Glory to God for All Things: An Akathist – Part 2 

[“This Akathist, also called the “Akathist of Thanksgiving,” was composed by Metro- politan Tryphon (Prince Boris Petrovich Turkestanov) in 1934.  A copy was in possession of Protopresbyter Gregory Petrov shortly before his death in a prison camp in 1940. Suggestion: Light a candle in a silent room.  Make the Sign of the Cross, and slowly pray the words aloud, take time to reflect on them, and make them your own.  Revisit these words this Wednesday as well as next Sunday and Wednesday.   Part 3 will be on Sunday July 22.]


O Lord, how lovely it is to be Your guest.
Breeze full of scents —
mountains reaching to the skies —
waters like a boundless mirror,
reflecting the sun’s golden rays and the scudding clouds.
All nature murmurs mysteriously,
breathing depths of Your tenderness.
Birds and beasts of the forest bear the imprint of Your love.
Blessed are you, mother earth, in your fleeting loveliness,
which wakens our yearning for happiness
that will last forever in the land where,
amid beauty that grows not old, rings out the cry: Alleluia!


You have brought me into life as if into an enchanted paradise.
We have seen the sky like a chalice of deepest blue,
where in the azure heights the birds are singing.
We have listened to the soothing murmur of the forest
and the melodious music of the streams.
We have tasted fruit of fine flavor and the sweet-scented honey.
We can live very well on your earth. It is a pleasure to be your guest.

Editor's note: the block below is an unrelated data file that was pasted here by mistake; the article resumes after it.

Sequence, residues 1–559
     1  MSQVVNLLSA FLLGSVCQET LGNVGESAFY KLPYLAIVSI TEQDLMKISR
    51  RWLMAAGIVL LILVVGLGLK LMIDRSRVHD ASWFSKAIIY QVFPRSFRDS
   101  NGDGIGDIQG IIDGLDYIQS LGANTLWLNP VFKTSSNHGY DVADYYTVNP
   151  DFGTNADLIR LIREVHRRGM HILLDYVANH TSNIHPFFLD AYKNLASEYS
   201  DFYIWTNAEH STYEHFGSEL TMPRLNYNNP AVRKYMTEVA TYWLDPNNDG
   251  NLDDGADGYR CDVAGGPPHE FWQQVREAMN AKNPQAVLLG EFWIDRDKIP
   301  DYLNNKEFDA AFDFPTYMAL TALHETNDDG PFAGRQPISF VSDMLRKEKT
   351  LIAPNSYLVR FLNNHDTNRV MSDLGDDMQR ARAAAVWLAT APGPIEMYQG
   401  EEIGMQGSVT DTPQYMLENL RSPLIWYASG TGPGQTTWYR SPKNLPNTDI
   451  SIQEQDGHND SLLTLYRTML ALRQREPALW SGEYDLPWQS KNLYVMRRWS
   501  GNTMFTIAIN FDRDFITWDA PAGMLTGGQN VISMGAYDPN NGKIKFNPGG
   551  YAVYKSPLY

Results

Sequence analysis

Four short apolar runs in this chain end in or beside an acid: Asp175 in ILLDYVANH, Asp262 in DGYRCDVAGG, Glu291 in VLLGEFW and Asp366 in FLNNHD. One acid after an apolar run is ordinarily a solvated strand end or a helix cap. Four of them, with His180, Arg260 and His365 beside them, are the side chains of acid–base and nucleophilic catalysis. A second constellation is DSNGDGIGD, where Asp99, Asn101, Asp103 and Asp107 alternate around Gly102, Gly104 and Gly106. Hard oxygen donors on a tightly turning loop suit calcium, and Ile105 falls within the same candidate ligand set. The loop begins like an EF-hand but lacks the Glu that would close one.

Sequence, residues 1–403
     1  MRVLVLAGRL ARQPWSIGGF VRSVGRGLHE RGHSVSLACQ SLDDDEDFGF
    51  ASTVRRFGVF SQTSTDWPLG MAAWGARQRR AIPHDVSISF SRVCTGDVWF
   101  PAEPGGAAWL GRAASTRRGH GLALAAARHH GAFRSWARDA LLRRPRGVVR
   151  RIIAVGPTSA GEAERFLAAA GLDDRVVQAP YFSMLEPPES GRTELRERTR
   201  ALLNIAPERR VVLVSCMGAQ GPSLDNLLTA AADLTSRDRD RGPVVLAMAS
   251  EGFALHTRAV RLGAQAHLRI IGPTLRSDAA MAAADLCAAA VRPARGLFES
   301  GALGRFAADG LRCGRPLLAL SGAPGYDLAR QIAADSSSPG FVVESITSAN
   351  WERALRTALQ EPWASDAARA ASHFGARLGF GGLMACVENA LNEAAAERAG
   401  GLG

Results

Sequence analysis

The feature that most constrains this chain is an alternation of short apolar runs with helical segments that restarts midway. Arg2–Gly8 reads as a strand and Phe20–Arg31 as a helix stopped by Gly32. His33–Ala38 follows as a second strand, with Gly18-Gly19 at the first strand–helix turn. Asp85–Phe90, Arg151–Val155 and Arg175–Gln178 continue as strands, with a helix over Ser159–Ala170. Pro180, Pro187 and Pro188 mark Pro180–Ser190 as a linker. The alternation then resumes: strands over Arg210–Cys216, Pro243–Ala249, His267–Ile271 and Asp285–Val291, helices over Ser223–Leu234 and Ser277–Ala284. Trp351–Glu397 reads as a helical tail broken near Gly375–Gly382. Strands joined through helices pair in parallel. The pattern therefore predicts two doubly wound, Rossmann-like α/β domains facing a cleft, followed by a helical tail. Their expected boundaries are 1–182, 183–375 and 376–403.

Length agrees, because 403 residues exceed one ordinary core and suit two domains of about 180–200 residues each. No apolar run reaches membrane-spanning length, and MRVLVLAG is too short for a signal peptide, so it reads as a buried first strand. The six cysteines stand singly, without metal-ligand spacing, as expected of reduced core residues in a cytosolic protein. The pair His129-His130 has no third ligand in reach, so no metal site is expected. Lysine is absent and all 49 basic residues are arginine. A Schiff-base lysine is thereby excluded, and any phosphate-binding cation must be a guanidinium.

Glory to You for the feast-day of life.
Glory to You for the perfume of lilies and roses.
Glory to You for each different taste of berry and fruit.
Glory to You for the sparkling silver of early morning dew.
Glory to You for the joy of dawn’s awakening.
Glory to You for the new life each day brings.
Glory to You, O God, from age to age.

[PHOTO by JD1619-48 on]

[One of the many gifts of the Orthodox as well as Eastern Catholic Churches to the rest of Christianity is their great tradition and collection of akathists.    “An akathist (Greek, akathistos) is a hymn dedicated to a saint, holy event, or one of the persons of the Holy Trinity. The word akathist itself means ‘not sitting.'” These hymns are so long they are rarely sung in their entirety any more except in monasteries.  For more information and the source of quotations, please visit


About Paul Wharton

I am a cradle Catholic, a native West Virginian, and a priest since April 24, 1982. Spiritual Direction has made a tremendous difference in my life and I encourage people to try it out. My motto is "Progress not perfection." I am grateful that God has done for me what I could not do for myself.
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One Response to Glory to God for All Things: An Akathist – Part 2 

  1. Kelly Rose says:

    There have been a couple, at least, of these “akathists” since I began reading this blog. And they are very beautiful. But I can’t seem to remember the word? I’m so glad you keep including the definition: ) Interesting the literal translation of “not sitting.” So Western in its philosophy, “not sitting.” In fact, this is the conflict I feel with Far East philosophies that advocate “sitting” and “stillness.” I am too much a Westerner to be able to sit still for long! Oy vey!

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